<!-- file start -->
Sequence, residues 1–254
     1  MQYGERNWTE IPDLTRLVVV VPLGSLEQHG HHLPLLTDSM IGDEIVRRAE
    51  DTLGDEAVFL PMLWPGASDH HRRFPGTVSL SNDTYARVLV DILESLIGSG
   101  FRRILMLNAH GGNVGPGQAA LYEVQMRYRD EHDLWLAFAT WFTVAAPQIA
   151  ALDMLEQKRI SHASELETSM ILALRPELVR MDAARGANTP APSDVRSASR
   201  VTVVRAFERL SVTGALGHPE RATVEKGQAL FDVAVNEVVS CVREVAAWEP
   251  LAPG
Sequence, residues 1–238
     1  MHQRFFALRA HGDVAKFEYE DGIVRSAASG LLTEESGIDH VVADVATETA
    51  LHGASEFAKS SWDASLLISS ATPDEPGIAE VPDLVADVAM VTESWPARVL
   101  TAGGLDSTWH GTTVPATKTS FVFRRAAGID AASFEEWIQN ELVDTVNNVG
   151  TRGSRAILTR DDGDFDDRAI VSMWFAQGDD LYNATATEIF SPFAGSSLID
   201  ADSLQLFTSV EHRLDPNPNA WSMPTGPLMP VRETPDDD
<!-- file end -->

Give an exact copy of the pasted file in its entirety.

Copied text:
Sequence, residues 1–254
     1  MQYGERNWTE IPDLTRLVVV VPLGSLEQHG HHLPLLTDSM IGDEIVRRAE
    51  DTLGDEAVFL PMLWPGASDH HRRFPGTVSL SNDTYARVLV DILESLIGSG
   101  FRRILMLNAH GGNVGPGQAA LYEVQMRYRD EHDLWLAFAT WFTVAAPQIA
   151  ALDMLEQKRI SHASELETSM ILALRPELVR MDAARGANTP APSDVRSASR
   201  VTVVRAFERL SVTGALGHPE RATVEKGQAL FDVAVNEVVS CVREVAAWEP
   251  LAPG
Sequence, residues 1–238
     1  MHQRFFALRA HGDVAKFEYE DGIVRSAASG LLTEESGIDH VVADVATETA
    51  LHGASEFAKS SWDASLLISS ATPDEPGIAE VPDLVADVAM VTESWPARVL
   101  TAGGLDSTWH GTTVPATKTS FVFRRAAGID AASFEEWIQN ELVDTVNNVG
   151  TRGSRAILTR DDGDFDDRAI VSMWFAQGDD LYNATATEIF SPFAGSSLID
   201  ADSLQLFTSV EHRLDPNPNA WSMPTGPLMP VRETPDDD